Foundry Kelowna, a new integrated youth-service centre focused on mental health, was launched this week.
The centre will bring existing services under one roof so families and young people can access a ‘one-stop shop’ for primary care, mental health and substance use, and social services.
“Asking for help is hard, but getting it shouldn’t be,” said Premier Premier Christy Clark, MLA for Westside-Kelowna, at the Monday morning event.
“By launching this centre, we’re making it as easy as possible for youth and families to take charge of their health by providing a variety of services through an integrated and personal approach.”
Health Minister Terry Lake said this approach has been very successful at the Granville Youth Health Centre in Vancouver, and we look forward to Kelowna youth and families experiencing the same growth, learning opportunities and support.
Foundry Kelowna is one of the centres announced in June 2016 as part of a provincial network of easily accessible, youth-friendly mental-health, substance-use, primary-care and social-service sites hosted by local non-profit organizations. This model will allow for earlier therapeutic interventions, when mental-health problems are just emerging. Intervening early can help to prevent challenges with mental health from becoming more serious.
“Many youth who struggle with mental-health challenges and other complex issues face significant barriers to getting the help they need,” said Minister of Children and Family Development Stephanie Cadieux.
“This new centre will provide vulnerable youth with a comfortable, safe and welcoming space where they can easily access the essential services they need in order to improve their health and their lives.”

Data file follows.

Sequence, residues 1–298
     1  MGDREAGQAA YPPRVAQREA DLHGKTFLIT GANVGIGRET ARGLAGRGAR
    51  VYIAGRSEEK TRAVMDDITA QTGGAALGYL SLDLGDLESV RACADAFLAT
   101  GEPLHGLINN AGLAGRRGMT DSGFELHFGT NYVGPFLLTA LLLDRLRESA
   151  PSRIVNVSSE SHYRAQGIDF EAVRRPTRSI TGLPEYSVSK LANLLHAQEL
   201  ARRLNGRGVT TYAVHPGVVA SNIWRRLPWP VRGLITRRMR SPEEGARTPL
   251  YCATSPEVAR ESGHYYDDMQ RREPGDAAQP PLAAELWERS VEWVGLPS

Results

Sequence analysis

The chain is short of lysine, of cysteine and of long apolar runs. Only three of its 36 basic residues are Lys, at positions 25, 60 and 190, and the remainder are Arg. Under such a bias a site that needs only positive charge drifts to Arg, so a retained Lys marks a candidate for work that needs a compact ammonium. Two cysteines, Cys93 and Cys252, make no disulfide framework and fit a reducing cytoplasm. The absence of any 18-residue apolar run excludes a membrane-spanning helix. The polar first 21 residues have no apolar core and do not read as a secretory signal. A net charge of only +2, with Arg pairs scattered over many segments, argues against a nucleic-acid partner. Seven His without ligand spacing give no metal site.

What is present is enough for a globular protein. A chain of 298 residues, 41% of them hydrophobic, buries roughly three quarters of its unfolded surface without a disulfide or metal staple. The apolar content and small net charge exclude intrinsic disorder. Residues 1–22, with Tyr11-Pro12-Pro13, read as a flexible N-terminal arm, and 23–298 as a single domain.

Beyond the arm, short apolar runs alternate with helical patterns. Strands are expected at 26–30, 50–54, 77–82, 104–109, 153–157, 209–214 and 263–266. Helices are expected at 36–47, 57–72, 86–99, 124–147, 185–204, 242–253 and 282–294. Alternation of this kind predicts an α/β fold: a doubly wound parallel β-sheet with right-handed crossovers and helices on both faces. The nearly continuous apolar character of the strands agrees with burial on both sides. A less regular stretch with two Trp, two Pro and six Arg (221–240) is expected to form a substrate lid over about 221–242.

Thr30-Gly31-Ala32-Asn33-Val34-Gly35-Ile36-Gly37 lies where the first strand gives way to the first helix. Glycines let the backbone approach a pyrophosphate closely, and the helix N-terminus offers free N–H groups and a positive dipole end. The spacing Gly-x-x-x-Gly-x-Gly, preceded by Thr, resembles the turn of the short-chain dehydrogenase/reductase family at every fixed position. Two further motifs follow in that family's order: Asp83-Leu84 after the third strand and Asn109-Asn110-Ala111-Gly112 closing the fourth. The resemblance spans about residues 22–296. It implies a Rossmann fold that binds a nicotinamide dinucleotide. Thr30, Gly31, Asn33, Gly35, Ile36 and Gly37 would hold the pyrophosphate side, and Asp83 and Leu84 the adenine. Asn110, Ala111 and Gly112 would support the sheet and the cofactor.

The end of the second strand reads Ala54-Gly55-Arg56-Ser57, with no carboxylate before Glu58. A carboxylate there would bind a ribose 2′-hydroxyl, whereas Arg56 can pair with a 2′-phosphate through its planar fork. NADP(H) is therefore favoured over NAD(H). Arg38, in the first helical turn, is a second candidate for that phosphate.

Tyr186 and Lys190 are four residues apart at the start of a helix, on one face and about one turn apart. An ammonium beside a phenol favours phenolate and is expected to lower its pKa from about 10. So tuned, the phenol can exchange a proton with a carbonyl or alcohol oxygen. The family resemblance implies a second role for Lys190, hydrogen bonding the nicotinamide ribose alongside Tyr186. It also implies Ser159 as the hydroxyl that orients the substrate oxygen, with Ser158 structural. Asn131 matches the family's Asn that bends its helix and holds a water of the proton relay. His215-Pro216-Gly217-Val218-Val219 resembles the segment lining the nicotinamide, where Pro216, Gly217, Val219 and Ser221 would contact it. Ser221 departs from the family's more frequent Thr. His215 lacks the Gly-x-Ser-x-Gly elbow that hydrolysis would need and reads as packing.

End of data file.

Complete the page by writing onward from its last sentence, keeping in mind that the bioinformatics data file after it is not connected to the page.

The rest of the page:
The other centres announced were North Shore, Prince George, Campbell River and Abbotsford, which are all working with community partners on their own upcoming launches. The centres will offer easy access to core services including primary care, mental health and substance use, youth and family navigation supports, housing, supported employment, income assistance and education supports.
Access to integrated services will help improve the health and social outcomes of young people aged 12 to 24 years in the community
“We are so inspired by the level of collaboration in our community to ensure young people and families get access to help that will make all the difference in the trajectory of their lives. We know when you intervene early and reduce barriers, the outcomes for citizens are so much better,” said Shelagh Turner, executive director of the Canadian Mental Health Association Kelowna Branch, lead agency for Foundry Kelowna.
Foundry Kelowna, hosted by the Canadian Mental Health Association-Kelowna Branch, anticipates being fully operational and accepting clients by spring 2017.
The Canadian Mental Health Association Kelowna Branch has partnered with the Kelowna General Hospital Foundation to raise a further $2 million dollars over the next three years to ensure Foundry Kelowna meets the unique needs in the local community.